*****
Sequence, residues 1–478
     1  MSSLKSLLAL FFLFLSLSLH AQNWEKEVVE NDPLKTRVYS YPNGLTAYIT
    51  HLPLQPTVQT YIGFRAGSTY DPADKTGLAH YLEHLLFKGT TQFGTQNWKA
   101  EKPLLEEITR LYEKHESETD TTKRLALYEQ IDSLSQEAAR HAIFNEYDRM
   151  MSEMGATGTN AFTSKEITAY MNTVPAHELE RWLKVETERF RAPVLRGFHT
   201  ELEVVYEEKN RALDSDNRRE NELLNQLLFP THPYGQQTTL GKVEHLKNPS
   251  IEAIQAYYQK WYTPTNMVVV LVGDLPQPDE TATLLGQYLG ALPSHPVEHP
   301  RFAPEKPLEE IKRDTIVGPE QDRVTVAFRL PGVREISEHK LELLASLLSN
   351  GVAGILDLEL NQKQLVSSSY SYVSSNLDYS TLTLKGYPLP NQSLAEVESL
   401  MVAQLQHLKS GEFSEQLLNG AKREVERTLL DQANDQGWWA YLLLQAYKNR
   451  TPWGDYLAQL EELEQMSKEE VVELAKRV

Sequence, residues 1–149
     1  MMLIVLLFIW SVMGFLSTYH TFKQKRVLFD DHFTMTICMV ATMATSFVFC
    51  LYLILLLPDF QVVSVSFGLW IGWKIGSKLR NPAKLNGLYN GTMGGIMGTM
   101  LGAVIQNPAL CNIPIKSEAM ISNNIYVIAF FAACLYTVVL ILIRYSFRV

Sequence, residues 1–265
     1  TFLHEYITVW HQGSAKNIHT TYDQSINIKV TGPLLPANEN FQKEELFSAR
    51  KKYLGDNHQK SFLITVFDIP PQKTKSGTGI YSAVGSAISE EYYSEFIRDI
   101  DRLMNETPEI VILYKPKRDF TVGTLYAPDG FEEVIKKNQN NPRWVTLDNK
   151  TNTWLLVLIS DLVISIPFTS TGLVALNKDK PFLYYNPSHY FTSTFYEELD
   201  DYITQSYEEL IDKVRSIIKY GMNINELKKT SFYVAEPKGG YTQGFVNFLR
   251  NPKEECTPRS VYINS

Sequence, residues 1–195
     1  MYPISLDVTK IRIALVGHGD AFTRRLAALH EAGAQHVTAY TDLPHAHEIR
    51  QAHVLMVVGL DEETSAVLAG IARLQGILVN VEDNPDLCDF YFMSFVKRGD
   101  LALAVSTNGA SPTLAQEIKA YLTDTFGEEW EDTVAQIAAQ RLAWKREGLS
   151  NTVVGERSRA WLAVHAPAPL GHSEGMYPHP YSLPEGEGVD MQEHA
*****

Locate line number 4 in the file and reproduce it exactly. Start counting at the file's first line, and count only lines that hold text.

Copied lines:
   101  EKPLLEEITR LYEKHESETD TTKRLALYEQ IDSLSQEAAR HAIFNEYDRM